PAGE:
After contact it is inashi. Both this and the usual henka are kawaru (evading), with the same kanji as the hen in henka, but inashi is not frowned upon -  evading contact is a cheap henka.

 

Just now, ryafuji said:

I've always understood a henka to be a sidestep specifically at the tachi-ai. Must have missed that broadening of the definition. 

It was an interview with KONISHIKI (either with Moti or John) where he talked about the mid-bout henka being a valid tactic, but cheap/bad when used at the start. 
I was surprised to hear him refer to mid-bout sidestepping as henka, but I also listen to the Japanese commentary and often hear mention of henka in bouts where the tachi-ai was perfectly straightforward but other sidestepping took place. 

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Henka simply means "change". Of any kind. This word is extremely often used even outside the sumo context.

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Posted (edited)
38 minutes ago, Gospodin said:

I respectfully disagree. Most Yokozuna have achieved that rank in their late 20s or early 30s. Those referenced are all exceptions that come around in a generation, on average.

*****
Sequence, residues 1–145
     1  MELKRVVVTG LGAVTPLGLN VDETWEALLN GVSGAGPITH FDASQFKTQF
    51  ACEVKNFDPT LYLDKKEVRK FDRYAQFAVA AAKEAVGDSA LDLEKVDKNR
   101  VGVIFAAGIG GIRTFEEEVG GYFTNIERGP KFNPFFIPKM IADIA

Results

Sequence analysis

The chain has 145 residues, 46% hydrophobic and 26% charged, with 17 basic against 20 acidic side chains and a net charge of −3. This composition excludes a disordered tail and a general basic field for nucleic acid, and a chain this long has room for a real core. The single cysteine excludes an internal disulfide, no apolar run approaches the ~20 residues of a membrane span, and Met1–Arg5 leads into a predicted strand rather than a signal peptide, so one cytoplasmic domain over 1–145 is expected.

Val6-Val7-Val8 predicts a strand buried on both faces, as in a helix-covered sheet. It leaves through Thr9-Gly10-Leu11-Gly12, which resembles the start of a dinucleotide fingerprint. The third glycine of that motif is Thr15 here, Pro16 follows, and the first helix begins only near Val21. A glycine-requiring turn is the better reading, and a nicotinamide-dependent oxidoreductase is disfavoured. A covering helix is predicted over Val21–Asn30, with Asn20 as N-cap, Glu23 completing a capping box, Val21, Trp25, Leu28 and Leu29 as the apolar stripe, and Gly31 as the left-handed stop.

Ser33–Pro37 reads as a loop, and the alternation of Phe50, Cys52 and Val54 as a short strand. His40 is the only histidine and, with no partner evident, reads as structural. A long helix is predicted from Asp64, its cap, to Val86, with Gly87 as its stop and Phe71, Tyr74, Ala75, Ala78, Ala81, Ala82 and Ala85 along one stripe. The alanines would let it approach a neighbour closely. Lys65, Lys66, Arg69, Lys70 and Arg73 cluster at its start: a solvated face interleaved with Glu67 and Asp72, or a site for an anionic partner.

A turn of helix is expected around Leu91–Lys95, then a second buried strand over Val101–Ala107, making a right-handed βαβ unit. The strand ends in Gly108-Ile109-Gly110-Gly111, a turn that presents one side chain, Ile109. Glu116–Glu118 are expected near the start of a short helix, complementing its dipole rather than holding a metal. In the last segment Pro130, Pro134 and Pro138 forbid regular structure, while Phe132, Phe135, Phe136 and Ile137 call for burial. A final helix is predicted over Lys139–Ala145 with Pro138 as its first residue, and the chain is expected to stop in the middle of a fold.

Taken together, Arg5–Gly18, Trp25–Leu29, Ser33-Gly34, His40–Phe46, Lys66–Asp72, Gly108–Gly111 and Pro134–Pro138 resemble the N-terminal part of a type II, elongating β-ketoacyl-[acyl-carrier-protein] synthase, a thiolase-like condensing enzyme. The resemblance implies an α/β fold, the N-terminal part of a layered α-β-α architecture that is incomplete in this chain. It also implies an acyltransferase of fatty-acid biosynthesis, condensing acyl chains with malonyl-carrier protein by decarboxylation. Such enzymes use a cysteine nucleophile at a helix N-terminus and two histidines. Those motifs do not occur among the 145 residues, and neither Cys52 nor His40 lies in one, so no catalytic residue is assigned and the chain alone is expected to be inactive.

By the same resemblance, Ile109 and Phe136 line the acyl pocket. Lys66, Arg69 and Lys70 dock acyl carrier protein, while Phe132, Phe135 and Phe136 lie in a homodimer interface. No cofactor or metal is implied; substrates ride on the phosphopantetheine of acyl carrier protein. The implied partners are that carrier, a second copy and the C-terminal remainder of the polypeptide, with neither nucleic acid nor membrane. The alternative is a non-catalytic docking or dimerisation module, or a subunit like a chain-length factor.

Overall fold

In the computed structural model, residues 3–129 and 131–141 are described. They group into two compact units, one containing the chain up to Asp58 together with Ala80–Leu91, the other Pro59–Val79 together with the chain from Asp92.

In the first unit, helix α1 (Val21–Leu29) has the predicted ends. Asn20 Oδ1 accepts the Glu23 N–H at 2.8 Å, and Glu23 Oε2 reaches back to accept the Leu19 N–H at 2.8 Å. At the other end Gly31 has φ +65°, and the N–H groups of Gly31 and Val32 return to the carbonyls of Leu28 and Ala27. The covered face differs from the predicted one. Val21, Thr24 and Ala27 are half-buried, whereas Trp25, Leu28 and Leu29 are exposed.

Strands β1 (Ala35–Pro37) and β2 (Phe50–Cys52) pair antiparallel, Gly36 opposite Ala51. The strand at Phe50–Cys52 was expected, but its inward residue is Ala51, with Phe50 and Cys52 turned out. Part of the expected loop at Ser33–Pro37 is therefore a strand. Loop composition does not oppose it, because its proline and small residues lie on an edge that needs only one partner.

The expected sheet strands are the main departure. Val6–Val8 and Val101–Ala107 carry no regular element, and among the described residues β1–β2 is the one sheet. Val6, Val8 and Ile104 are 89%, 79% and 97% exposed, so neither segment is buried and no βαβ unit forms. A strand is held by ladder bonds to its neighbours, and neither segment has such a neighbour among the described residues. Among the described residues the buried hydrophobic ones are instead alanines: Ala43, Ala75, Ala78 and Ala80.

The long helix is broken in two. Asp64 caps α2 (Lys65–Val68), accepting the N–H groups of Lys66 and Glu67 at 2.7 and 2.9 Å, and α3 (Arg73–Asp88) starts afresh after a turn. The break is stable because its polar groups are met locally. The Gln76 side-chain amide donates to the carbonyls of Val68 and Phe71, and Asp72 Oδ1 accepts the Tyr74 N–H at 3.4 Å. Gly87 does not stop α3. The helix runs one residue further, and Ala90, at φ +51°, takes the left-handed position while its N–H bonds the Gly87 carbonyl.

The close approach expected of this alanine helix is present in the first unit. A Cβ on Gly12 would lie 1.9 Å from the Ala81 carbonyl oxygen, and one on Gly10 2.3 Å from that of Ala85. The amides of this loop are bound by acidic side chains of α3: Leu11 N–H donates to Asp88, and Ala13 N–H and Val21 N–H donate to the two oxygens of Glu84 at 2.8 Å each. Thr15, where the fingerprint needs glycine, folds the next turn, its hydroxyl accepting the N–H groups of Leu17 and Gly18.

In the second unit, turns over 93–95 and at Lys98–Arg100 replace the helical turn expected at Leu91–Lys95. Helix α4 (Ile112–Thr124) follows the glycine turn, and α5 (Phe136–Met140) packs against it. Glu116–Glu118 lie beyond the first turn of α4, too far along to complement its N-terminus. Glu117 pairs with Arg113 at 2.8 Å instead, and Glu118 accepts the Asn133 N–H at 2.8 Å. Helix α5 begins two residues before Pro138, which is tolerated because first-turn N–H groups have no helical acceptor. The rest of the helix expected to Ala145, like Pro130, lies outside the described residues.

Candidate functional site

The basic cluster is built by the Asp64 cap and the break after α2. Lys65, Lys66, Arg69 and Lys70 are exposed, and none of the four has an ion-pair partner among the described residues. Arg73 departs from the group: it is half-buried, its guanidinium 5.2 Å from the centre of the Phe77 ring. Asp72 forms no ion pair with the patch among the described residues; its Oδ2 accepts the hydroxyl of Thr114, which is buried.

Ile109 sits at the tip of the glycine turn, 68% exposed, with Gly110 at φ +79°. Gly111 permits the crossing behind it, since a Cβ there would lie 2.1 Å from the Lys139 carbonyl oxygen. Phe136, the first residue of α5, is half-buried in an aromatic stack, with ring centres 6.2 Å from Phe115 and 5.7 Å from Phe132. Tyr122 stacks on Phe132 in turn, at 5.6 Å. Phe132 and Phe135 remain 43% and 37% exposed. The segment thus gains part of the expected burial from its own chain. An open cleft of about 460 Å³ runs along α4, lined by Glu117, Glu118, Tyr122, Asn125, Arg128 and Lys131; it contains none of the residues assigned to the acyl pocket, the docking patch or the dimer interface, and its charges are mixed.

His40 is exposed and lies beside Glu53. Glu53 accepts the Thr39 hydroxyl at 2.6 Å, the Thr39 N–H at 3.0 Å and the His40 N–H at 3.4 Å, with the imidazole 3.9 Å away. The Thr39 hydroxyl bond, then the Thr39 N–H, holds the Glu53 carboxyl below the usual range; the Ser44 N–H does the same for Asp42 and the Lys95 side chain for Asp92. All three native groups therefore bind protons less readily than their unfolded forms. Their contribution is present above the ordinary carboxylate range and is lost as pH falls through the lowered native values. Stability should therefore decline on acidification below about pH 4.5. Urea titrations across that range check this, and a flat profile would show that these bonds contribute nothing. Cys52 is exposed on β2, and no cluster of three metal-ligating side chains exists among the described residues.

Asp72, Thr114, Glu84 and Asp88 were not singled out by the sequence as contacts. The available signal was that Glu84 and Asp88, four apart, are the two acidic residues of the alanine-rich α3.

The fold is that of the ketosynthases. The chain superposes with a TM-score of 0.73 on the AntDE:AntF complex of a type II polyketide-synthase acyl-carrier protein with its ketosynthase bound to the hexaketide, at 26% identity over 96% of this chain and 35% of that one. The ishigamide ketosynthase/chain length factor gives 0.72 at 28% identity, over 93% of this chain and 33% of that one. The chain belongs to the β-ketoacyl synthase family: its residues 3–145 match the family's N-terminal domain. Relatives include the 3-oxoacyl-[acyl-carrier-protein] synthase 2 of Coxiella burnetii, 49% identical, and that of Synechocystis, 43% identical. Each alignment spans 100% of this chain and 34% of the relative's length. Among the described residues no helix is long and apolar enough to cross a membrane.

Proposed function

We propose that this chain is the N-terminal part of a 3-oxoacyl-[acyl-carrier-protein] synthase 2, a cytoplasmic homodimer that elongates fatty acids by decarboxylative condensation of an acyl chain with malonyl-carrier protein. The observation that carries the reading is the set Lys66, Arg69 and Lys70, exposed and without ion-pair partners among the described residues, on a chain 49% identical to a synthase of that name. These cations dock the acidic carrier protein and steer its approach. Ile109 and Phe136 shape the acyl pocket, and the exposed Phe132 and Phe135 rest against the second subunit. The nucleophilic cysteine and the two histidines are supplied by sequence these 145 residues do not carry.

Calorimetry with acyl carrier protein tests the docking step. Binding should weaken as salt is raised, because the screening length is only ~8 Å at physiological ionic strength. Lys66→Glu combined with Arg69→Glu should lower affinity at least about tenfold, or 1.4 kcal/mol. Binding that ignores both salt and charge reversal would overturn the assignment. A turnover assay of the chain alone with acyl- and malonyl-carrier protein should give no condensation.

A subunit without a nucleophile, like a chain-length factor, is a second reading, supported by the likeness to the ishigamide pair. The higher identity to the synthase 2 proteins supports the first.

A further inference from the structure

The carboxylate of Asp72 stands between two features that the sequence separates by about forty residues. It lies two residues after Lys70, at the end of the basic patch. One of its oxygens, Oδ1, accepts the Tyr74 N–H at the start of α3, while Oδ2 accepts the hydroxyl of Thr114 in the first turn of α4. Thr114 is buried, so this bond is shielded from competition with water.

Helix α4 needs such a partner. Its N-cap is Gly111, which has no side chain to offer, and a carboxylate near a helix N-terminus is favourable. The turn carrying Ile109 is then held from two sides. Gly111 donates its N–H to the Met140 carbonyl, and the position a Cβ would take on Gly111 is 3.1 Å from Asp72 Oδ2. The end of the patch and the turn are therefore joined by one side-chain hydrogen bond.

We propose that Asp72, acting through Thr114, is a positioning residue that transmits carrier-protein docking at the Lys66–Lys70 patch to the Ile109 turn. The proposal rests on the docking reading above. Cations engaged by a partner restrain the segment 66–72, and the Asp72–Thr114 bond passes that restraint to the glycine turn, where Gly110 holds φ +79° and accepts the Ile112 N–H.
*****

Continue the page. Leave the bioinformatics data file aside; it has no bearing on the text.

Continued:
You're very right (well, mostly late 20s actually). In fact, I added successful for a reason. Since 2007 (Hakuko) until 2017 (Kisenosato), the wrestlers which obtained the rope were from a range of barely two years: 1984-1986. The early 1990s finally found a representative in 29-years-old Terunofuji and his time-bomb knees. My problem is that we have an entire stock of rikishi on "Yokozuna range" (21 years old +) literally struggling to keep their pace with people in their 30s. I don't know whether it's a consequence of some "Hakuho effect" or what, but we are lacking people with consistent results. As Seiyashi pointed out, Terunofuji much represents a last backlash from the good 'ole times. A backlash with a couple of knees acting up.

I won't over-dramatise the situation, but I feel confused at the moment. Terunofuji won't last long (he can stand his own, but his suffering from oshi wrestlers in not good at all), and we don't have any valid substitute yet.

Edited by Hankegami

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Posted (edited)
15 minutes ago, Hankegami said:

I won't over-dramatise the situation, but I feel confused at the moment. Terunofuji won't last long (he can stand his own, but his suffering from oshi wrestlers in not good at all), and we don't have any valid substitute yet.

IMHO it is impossible to overstate what Terunofuji achieved, coming back from those injuries to make the rank in the first place (there´s a poll on this very well informed forum about how far he´d make it back, and very few voted for Yokozuna).